After graduating from the Université Libre de Bruxelles in 1993, I moved to the USA to carry out my PhD studies at the State University of New York at Stony Brook (1997). I remained in America as a postdoctoral researcher at the Johns Hopkins University (1997-1999) and then at the House Ear Institute in Los Angeles (1999-2000), before moving to the University of Bristol in 2001. I joined the University of York in 2012.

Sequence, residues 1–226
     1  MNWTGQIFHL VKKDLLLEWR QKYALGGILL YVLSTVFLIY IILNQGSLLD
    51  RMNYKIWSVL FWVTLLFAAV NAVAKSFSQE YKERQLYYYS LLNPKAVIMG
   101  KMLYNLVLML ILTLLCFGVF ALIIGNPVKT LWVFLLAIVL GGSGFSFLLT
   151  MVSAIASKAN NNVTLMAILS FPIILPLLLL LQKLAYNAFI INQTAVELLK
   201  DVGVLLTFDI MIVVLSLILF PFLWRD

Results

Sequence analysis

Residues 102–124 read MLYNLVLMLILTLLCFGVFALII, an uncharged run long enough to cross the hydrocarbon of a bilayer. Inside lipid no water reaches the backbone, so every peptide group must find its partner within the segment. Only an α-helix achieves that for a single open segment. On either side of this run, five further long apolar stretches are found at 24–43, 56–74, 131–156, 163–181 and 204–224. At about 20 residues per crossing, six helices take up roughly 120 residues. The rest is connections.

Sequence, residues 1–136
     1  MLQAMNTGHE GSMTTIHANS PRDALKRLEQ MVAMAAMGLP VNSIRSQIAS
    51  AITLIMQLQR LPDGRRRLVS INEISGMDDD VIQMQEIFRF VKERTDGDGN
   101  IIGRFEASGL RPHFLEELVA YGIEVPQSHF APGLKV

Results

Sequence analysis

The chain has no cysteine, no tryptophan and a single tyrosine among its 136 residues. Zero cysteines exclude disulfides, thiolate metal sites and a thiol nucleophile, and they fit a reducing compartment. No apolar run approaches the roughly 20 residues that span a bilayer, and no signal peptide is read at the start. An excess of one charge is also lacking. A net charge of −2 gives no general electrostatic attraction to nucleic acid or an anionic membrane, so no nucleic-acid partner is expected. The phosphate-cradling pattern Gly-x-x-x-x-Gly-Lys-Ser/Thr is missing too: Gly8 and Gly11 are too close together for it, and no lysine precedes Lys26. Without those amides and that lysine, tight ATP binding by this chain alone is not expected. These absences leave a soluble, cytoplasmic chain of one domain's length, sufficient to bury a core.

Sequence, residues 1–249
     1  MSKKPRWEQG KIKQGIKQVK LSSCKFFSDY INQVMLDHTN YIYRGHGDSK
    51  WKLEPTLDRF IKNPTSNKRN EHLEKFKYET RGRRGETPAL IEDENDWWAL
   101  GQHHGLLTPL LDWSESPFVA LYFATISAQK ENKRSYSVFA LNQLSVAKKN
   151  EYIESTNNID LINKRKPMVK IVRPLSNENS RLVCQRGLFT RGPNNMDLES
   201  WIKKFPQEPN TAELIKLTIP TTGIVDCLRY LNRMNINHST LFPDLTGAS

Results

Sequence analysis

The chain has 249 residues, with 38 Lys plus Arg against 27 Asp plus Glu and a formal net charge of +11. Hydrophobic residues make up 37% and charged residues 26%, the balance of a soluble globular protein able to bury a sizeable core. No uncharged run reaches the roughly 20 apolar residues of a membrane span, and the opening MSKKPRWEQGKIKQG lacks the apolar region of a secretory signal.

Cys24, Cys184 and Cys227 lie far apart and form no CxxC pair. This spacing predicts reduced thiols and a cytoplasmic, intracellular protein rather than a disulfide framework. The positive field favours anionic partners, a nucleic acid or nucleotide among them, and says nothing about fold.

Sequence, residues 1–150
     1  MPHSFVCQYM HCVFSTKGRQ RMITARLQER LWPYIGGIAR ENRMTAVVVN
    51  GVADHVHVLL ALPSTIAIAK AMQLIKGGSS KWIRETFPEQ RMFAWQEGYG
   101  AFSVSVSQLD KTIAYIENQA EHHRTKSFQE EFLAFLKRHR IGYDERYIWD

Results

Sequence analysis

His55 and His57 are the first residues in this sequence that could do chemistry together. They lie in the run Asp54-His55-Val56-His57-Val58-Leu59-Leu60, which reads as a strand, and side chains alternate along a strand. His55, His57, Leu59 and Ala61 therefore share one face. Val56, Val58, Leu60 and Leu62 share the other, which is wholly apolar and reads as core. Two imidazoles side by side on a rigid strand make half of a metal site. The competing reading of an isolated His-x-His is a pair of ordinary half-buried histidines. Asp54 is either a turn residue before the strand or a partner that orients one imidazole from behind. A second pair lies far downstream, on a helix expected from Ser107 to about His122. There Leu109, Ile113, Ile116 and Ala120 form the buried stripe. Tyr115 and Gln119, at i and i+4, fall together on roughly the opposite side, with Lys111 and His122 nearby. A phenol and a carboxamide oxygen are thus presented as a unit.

My background is in experimental psycholinguistics. I am particularly interested in the perceptual, cognitive, and physiological mechanisms underlying speech recognition. Although the populations I have investigated so far (normal-hearing adults, hearing-impaired adults, and infants) vary widely in their quantitative and qualitative exposure to the spoken language, a number of research questions apply to all of them: How are novel spoken words learned? What is the time-course of speech processing? How is speech segmentation carried out? How are words represented in the lexicon? How do we recognise speech in adverse conditions?